Being an Open-Minded Grandparent in a Changing World

Grandparents adapt to change and changing by looking and thinking with an open mind.

Grandparenting is ever-changing!

My granddaughter starts using a computer at the age of two. My six-year-old grandson asks my husband what a “f***ing bit**” is. My divorced son lives with his girlfriend and her daughter. They have his two children on alternate week-ends. My unmarried daughter talks of wanting a child but having no use for a husband.

My grandmother or grandfather would not be able to handle this much change. Sometimes, I wonder about me, too.

We are grandparents in a changing world, one that is changing so fast that we will be left behind unless we make a conscious effort to learn, adapt, become open-minded, and reduce the shock-factor by changing.

We have to make an effort to know where this generation is coming from in order to give them the best of our love and understanding.

How to Keep Up With the Next Generation

How can we do this? I doubt if I’ll spend too many days attending concerts or learning rap-speak. I am not likely to visit what I consider the fringe of today, but I can read about them and their views with an open mind.

I don’t comment on my grandson’s haircut or the unusual diet of my granddaughter. I find something pleasant to say about my granddaughter’s attire or I keep quiet. And I keep reading, to open my mind.

Growing as a Grandparent

You know, the funny thing is, as I open my mind to their world, I find I am an ever-changing grandmother, rather than one who is set in her ways: the ways of a bygone day.

Instead of atrophying, I am growing.

Instead of saying, “Never say those words in front of me,” I can gulp and go on my way. (Note: I still prefer the cuss words of my own day. No one even blinks at those now.)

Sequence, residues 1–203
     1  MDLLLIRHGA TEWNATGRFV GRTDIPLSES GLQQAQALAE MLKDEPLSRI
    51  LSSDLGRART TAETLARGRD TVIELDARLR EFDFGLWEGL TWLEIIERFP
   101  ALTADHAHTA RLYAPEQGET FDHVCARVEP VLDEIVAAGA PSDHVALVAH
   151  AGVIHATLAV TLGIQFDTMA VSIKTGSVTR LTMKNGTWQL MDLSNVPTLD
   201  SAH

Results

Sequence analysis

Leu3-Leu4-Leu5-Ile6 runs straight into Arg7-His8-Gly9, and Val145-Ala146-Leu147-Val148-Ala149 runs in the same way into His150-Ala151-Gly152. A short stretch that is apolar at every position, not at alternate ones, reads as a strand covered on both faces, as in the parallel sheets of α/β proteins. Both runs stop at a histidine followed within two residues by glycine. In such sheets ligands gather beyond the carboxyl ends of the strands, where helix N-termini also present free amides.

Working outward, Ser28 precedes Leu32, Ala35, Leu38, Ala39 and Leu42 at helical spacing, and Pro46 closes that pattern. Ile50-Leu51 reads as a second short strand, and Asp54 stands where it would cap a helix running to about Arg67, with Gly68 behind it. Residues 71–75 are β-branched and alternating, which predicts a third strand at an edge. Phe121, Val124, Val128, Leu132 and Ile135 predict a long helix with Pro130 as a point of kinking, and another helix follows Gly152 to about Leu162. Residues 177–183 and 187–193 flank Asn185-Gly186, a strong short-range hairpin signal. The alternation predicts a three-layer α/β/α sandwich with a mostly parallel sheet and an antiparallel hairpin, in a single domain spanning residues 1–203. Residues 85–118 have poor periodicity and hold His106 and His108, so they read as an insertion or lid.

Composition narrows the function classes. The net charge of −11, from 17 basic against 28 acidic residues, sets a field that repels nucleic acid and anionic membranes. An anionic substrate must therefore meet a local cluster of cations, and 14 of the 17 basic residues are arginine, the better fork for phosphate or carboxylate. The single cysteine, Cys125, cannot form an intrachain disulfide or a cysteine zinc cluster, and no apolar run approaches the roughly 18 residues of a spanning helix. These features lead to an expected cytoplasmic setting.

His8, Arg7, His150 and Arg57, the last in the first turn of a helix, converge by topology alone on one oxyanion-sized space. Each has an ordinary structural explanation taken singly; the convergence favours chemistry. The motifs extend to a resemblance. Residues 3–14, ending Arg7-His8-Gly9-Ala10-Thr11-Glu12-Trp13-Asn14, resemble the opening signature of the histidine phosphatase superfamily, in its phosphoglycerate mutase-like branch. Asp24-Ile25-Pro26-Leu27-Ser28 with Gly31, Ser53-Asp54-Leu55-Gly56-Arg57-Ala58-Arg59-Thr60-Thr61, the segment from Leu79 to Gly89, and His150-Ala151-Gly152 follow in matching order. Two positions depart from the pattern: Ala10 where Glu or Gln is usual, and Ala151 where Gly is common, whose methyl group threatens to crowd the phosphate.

Instead of shutting my ears to new music, I can learn to appreciate it by listening to it for several months.

If we refuse to make concessions to the new ways of the world, we might lose touch with the children and grandchildren we love. Actually, one way to feel young is to welcome new ideas and adventures, as strange as they may seem at first.

Change is Not a New Phenomenon

I know my grandparents could handle this much change. They went from the small town to the large metropolis, from horse and buggies to autos to space ships to the moon and beyond, from women as the property of their husbands to women’s suffrage to women’s lib, from birth control by self-control to pills to abortion.

Maybe they did not always agree, but they were never stuffy about or seemingly appalled by the changes. By George, if they could change that much, I can handle it!

But I still prefer the cuss words of my generation. At least my hair doesn’t stand on end.

You might also like More from author

Comments are closed.